A Survey of Key Success Factors in Financial Services Marketing and Brand Management

Journal of Financial Services Marketing

What challenges and opportunities do financial services marketers face as they strive to improve marketing and brand performance, relevance, value and accountability within their organizations?

Abstract

What challenges and opportunities do financial services marketers face as they strive to improve marketing and brand performance, relevance, value and accountability within their organizations?To help answer this question, McorpCX, a strategic brand and marketing consultancy,  surveyed marketing executives from 67 financial services institutions across the USA in the autumn of 2004. The survey grouped responses into several categories, ranging from an understanding of how marketing and brand performance is tracked, to respondents’ views on specific challenges to improve marketing and branding effectiveness.

Across all categories, data drove two ‘big‑picture’ conclusions which reveal key strategic issues facing financial services marketers today. First, there is a stated lack of brand and marketing performance information, and an absence of the systems and programmes to track it. Secondly, there is a perceived lack of top‑down organisational understanding of the importance, value and meaning of brand within respondent organisations.

Within the overall context of these conclusions, analysis led to a series of key findings, and drove specific recommendations for addressing the issues raised. While the illustrations given are based on data gathered from institutions in the USA, the author’s experience suggests that the conclusions and attendant recommendations can serve as a basis for process and performance improvement in any financial services institution.

Introduction

Brand management and marketing professionals across all industries are joining a move towards greater accountability. Though the official theme at the 94th Annual Association of National Advertisers (USA) meeting in early October of 2004 was ‘Masters of Marketing’, and 11th October, 2004 New York Times article 1 opined it might have been ‘. . . more accurately summarized as Change or Die.”’ Most organisations, including those in the financial services sector, have already increased profits about as much as they can through cost‑cutting. Revenue growth is now a big focus, which means cross‑ and up‑selling existing customers, increasing lifetime customer value and doing a better job acquiring new ones. In short, marketing and brand management is likely to become a distinct competitive advantage much as access, customer relationship management and product quality are viewed today.

In conversations with financial services marketing executives, the partners in MCorp.’s brand and marketing consulting practice heard several comments that echoed this sentiment: ‘Executive management views marketing as a cost, not a value or revenue creator.’ Understanding the need for marketers to become more accountable for their efforts, as well as the importance of marketing and brand management to the success of financial service institutions in an increasingly competitive market, led to the following question. ‘What challenges and opportunities do financial services marketers face as they strive to improve marketing and brand performance, relevance, value, and accountability?’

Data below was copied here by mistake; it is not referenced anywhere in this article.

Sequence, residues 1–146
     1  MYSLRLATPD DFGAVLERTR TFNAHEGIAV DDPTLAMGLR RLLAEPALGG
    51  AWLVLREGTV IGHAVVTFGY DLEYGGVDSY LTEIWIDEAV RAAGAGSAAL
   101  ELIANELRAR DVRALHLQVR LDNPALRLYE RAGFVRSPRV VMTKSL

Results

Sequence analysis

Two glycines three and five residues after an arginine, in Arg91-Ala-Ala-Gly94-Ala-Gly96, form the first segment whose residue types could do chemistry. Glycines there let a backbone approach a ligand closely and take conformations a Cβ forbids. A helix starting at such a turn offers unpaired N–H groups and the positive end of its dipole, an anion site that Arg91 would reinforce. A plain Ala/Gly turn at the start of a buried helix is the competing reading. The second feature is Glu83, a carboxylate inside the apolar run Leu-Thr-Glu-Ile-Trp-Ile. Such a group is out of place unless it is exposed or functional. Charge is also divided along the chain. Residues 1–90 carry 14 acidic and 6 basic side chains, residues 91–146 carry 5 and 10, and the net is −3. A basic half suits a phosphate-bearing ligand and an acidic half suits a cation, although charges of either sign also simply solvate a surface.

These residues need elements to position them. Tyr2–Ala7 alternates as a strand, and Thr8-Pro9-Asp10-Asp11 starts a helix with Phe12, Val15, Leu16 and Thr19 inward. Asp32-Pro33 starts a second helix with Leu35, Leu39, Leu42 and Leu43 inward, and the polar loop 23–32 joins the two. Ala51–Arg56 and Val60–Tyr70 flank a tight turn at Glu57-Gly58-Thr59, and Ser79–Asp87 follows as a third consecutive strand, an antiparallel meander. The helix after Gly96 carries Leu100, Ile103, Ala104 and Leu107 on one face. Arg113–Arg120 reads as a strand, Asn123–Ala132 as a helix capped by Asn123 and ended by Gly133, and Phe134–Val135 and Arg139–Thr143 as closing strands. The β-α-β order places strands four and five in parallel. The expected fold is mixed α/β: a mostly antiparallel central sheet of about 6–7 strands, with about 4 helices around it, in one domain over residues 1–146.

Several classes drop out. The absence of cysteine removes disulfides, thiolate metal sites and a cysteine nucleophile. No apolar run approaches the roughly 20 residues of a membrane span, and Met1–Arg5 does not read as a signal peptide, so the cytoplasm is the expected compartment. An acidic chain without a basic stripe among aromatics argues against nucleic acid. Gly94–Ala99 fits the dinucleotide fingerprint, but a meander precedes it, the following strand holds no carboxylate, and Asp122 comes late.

To better understand these challenges and how they were being addressed, the firm undertook a research project in the autumn of 2004.2 The key objectives were to help create a clear understanding of what respondents believe are the essential components of effective financial services marketing and brand management in today’s environment, as well as the primary obstacles they face in accomplishing their jobs.

The survey was conducted with senior marketing executives from a total of 67 financial services institutions in the USA, primarily through one‑to‑one telephone interviews. Survey subjects were ‘Nth selected’ within each segment from a representative database of companies in the banking, 3 insurance and securities 4 sectors of the US financial services market. Among actual survey respondents, however, the banking and insurance sectors were slightly overrepresented (49.3 percent of respondents vs 44 percent of market, 5 and 27.1 percent of respondents vs 20 percent of market, respectively), while the securities industry was underrepresented (15.7 percent of respondents vs 35 percent of market).

Respondents were a highly seasoned group of professionals, with the largest group (over 45 percent) boasting over ten years in financial services marketing. Also a very senior group, nearly one‑quarter (23.08 percent) of the respondents were senior vice‑presidents, executive vice-presidents or chief marketing officers of brand, marketing and market research, and just over one‑quarter (26.15 percent) were vice‑presidents in the same areas. Close to 28 percent were at the director level, with the balance being managers and others in advertising, product, research and marketing. Participants represented a mix of financial services businesses, including: retail banking (50.1 percent); commercial banking (48.6 percent); retail credit products (35.7 percent); insurance (27.1 percent); money manager/mutual funds (15.7 percent); and other (7.1 percent). Since the respondent group includes organisations beyond banks and money managers, a ‘total employees’ measure was used to classify size, as opposed to assets under management or deposits. Though the range in total employee size is dramatic, ranging from 49 to over 150,000 employees, 41 percent of the respondent firms had over 5,000 employees. Approximately one‑third of the firms had fewer than 500 employees.